“I want to lie down,” I said through gritted teeth as another band of steel shot out from my spine and threatened to cut me in two. “Where’s Marcus?”
“He’s just across the hall,” Matthew said. I dimly remembered ejecting Marcus from the room when the contractions intensified.
“If I need a cesarean, can Marcus be here in time?” I demanded.
“You called?” Marcus said, entering the room in scrubs. His genial grin and unruffled demeanor calmed me instantly. Now that he’d returned, I couldn’t remember why I’d kicked him out of the room.
“Who moved the damn bed?” I puffed my way through another contraction. The bed seemed to be in the same place, but this was clearly an illusion for it was taking forever for me to reach it.
“Matthew did,” Sarah said breezily.
“I did no such thing,” Matthew protested.
“In labor we blame absolutely everything on the husband. It keeps the mother from developing homicidal fantasies and reminds the men they aren’t the center of attention,” Sarah explained.
I laughed, thereby missing the rising wave of pain that accompanied the next fierce contraction.
“Fu— Sh— Godda—” I pressed my lips firmly together.
“You are not getting through tonight’s main event without swearing, Diana,” Marcus said.
“I don’t want a string of profanity to be the first words the babies hear.” Now I recalled the reason for Marcus’s expulsion: He’d suggested I was being too prim in the midst of my agony.
“Matthew can sing—and he’s loud. I’m sure he could drown you out.”
“God—blasted—it hurts,” I said, doubling over. “Move the f**king bed if you want to be helpful, but stop arguing with me, you a**hole!”
My reply was met with shocked silence.
“Atta girl,” Marcus said. “I knew you had it in you. Let’s have a look.”
Matthew helped me onto the bed, which had been stripped of its priceless silk coverlet and most of its curtains. The two cradles stood in front of the fire, waiting for the twins. I stared at them while Marcus conducted his examination.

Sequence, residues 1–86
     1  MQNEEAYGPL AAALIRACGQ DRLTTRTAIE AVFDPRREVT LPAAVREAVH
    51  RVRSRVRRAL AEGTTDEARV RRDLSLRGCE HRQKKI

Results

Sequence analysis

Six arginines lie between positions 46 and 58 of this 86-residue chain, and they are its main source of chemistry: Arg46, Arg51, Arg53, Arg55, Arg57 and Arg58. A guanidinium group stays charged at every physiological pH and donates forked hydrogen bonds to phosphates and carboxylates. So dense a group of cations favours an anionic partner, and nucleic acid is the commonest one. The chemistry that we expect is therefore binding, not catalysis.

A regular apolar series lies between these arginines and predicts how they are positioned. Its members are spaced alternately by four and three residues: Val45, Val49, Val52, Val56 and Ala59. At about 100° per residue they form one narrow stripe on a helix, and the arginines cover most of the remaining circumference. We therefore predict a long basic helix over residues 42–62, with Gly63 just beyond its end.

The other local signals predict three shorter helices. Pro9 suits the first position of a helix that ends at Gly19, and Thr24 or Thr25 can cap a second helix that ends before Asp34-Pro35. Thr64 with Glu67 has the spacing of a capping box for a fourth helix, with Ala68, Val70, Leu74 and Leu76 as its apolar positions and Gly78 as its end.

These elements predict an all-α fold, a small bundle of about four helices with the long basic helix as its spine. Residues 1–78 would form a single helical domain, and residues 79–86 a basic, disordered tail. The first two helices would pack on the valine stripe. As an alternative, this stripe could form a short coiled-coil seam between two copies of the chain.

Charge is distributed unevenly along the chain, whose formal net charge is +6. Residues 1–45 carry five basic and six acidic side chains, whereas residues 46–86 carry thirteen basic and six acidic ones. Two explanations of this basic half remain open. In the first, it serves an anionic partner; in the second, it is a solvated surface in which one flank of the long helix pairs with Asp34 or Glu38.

Thus far this had been the most physically intrusive four hours of my life. I’d had more things jabbed into me and more stuff taken out of me than I thought possible. It was oddly dehumanizing, considering that I was responsible for bringing new life into the world.
“Still a little while to go,” Marcus said, “but things are speeding up nicely.”
“Easy for you to say.” I would have hit him, but he was positioned between my thighs and the babies were in the way.
“This is your last chance for an epidural,” Marcus said. “If you say no, and we have to do a C-section, we’ll have to knock you out completely.”
“There’s no need for you to be heroic, ma lionne, ” Matthew said.
“I’m not being heroic,” I told him for the fourth or fifth time. “We have no idea what an epidural might do to the babies.” I stopped, my face scrunched in an attempt to block the pain.
“You have to keep breathing, honey,” Sarah pushed her way to my side. “You heard her, Matthew.
She isn’t taking the epidural, and there’s no point in arguing with her about it. Now, about the pain.
Laughter helps, Diana. So does focusing on something else.”